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LanguagePrintCritical dictionary

Reality, Thing

Tito Cardoso e Cunha


Reality is one of those ideas that can only be defined in negativity, saying what it is not. Things populate reality but do not reduce it in totality to their way of being.

Keywords: sonosphere; truth


Things are out in the real. Nothing is more real than things. Things are not unreal. To be realist is to believe in things and in the power of facts that organise them. Reality is the state of affairs.


These are some of the convictions  we depend on to figure out what reality is all about. Fundamentally, reality is one of those ideas that is best defined negatively, that is, saying what they are not or saying to what their concept is opposed to.

Hence, real is what effectively exists and is in our possession, as opposed to what we do not possess. That is what the popular saying expresses when stating “better a bird in hand than two in the flying”. The expression means that the real is preferable to that which we only wish for or hope to have but don’t. In rhetorical terms, C. Perelman, in his Treatise on Argumentation, invoked this expression as an example of a premise of argumentation while topos of the preferable expressing a hierarchical value.

Common sense establishes therefore a hierarchy in which the real existent in terms of possession is preferable to what is not possessed and therefore does not exist. It is not real, it is only desired. The two birds that continue their flight escape our reality.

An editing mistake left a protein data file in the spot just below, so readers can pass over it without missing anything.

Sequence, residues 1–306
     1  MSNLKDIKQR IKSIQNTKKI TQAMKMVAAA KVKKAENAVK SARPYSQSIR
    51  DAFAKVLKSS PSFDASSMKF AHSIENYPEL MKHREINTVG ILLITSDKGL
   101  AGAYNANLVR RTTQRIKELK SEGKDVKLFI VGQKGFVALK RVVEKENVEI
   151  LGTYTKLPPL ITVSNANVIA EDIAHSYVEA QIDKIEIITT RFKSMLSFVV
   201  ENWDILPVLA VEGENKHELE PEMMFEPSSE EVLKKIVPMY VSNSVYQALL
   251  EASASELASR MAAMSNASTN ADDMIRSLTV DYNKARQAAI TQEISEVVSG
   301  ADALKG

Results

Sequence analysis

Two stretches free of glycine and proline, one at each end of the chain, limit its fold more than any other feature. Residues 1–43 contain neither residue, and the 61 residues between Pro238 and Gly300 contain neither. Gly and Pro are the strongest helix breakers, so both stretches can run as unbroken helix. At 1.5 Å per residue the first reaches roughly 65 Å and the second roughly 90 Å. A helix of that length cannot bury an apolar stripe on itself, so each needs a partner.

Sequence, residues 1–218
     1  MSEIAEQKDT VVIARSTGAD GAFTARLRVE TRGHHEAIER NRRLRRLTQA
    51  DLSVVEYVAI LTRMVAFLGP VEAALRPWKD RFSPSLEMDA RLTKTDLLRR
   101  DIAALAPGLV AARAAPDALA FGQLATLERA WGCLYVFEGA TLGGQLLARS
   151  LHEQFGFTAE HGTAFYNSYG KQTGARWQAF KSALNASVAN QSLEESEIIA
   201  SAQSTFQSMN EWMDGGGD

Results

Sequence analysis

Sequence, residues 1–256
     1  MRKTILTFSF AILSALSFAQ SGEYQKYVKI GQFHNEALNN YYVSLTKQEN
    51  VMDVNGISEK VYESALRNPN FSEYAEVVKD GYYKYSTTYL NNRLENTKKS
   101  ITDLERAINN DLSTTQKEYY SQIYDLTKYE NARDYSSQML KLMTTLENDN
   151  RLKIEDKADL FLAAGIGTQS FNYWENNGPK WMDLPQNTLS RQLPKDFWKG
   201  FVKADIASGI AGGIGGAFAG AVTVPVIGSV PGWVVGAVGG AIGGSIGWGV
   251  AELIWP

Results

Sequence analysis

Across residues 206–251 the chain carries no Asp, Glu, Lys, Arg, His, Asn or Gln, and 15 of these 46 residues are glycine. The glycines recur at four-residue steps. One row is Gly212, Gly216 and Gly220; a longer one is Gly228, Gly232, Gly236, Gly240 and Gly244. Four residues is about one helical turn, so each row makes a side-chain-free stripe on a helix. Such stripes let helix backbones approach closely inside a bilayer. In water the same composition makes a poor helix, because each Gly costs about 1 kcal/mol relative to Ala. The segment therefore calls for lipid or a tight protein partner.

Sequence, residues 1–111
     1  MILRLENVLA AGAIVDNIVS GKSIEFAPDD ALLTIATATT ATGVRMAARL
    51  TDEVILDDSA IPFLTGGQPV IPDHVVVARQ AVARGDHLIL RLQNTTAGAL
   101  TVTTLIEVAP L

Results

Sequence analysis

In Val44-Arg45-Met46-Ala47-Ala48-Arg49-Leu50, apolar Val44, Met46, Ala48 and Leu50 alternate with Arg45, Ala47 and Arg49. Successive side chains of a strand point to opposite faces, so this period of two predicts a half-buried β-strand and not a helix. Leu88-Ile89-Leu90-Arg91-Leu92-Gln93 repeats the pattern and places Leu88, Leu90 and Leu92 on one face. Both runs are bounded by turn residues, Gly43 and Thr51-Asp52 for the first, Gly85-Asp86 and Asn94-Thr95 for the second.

But it is not only what one does not possess that reality opposes and distinguishes. Reality is what is not only imagined  or dreamt of. Reality is what is not fiction.

This last category, fiction, is perhaps the one that most clearly opposes reality. Fiction is a result of imagination. The artist, writer or other, creates his works of fiction using the capacity to imagine what does not exist, that which is not real. And yet, many times, even in cases like surrealism, it is reality that artistic creation refers to.

For example, a painting by Magritte like the one entitled “The Empire of Light” immediately seems to represent a reality that is perfectly recognisable: a house, trees, lamp posts, the sky above. Everything that is familiar to us from everyday life. However, if we take a closer look, all this recognisable familiarity disappears when we notice that something is not quite right in that scenery as a representation of a calm and silent reality. A feeling of disturbing strangeness intensifies its contemplation. We discover that the bright daylight sky that occupies the top part of the painting does not match the nightly scenery that the bottom part represents. This lack of coincidence with the real is where the artist’s imagination builds a feeling that makes the spectator lose its references and feels a certain unquietness.

Reality and imaginary are therefore frequently related in artistic terms. Although there are artistic trends, as we know, that claim reality as what art aims to represent. Realism, Neorealism, socialist realism all of them aspired to attribute the artistic expression, under all its forms, the function of representing the real or at least what was intended it should be as a representation.

Reality is made of things that are real facts. But what is a fact, a real thing, may vary from culture to culture. For an anthropologist schooled in the West thunder is really a meteorological phenomenon while for the indigenous person this fact may be a manifestation of a transcendent entity. It is above all in the contemporary West, through the process that Max Weber called disenchantment of the world and in which the scientific rationality developed, that this distinction between a notion of a real fact and its opposite more rigorously was defined.